Whether to give identifying information on sources willing to expose themselves to repercussions. Reporters are banned from schools, so we ended up not naming the school we wrote about, or even its neighborhood, in the story and the cutlines. In the end, authorities figured out which school it was and came down to threaten the director and the parents of our main character. But the director said she was able to use the fact that the school had not been named to convince the government officials to back off. In our food investigation, we had to balance the use of critical information for credibility against the desire to protect sources, even though they were willing to identify themselves. We sometimes left out details like the company a named source worked for. (In one case, an importer said it was fine to use his company name, so we did. But after the story ran, the owners threatened to fire him.)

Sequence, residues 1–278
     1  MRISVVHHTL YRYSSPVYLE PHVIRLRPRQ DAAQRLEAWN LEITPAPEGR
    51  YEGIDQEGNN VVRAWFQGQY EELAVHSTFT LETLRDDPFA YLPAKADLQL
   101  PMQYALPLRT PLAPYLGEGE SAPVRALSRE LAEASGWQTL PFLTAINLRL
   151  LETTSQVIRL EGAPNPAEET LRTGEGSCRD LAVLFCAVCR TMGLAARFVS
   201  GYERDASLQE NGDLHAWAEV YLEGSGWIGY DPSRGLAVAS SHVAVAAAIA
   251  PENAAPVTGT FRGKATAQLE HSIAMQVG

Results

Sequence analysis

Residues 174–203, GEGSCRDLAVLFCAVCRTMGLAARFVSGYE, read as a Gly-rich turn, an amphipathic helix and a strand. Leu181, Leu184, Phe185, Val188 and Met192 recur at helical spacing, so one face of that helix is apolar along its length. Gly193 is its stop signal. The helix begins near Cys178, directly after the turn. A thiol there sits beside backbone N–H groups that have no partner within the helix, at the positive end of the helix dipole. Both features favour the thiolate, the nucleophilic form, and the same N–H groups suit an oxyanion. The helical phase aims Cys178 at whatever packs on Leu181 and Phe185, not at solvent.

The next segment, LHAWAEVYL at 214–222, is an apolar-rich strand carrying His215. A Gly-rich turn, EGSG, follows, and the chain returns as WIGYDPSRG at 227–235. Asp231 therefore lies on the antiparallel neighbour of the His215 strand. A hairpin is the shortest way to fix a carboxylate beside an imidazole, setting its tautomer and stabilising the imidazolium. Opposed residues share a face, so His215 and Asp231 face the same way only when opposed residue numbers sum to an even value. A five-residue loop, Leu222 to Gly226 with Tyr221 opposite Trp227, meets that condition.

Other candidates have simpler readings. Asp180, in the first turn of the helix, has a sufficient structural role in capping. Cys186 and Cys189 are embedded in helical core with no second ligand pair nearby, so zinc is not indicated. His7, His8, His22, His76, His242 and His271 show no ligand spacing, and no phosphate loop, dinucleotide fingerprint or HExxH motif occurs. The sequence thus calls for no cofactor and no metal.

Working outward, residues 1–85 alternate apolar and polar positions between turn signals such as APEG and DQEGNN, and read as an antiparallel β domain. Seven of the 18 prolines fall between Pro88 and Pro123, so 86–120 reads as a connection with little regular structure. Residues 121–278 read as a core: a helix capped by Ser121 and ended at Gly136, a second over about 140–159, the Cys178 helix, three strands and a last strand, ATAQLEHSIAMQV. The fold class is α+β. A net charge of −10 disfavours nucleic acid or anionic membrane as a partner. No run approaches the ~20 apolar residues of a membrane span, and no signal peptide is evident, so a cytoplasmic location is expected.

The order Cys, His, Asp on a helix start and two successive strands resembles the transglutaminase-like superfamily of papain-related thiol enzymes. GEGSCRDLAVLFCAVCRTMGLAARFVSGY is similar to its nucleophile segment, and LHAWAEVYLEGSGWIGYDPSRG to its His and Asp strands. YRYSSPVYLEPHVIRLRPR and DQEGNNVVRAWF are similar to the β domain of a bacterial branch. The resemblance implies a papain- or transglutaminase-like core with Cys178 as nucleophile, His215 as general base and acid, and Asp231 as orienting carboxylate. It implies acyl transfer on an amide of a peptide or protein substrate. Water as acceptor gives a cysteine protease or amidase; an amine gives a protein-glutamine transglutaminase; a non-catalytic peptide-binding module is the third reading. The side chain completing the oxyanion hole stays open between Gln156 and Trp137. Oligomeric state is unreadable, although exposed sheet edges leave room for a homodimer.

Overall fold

Whether to break difficult information to sources
There were many situations where Dreier had more information than a source, because of the tendency of Venezuelan officials to keep key people out of the loop. For example, she knew before the family when an arrest was made in the case of the victim of mob justice. When his preteen daughter asked about it, Dreier said she didn’t know, but later told the girl’s mother. For the medical story, Dreier also knew more than the parents about how badly the little girl’s heart and knee were scarred, but did not interfere with the doctors’ judgment about what to tell them or when. She tried to make sure nothing came as a surprise to sources when they read the story. Sometimes that meant pressuring officials to share what they had told her.
Stories in this series: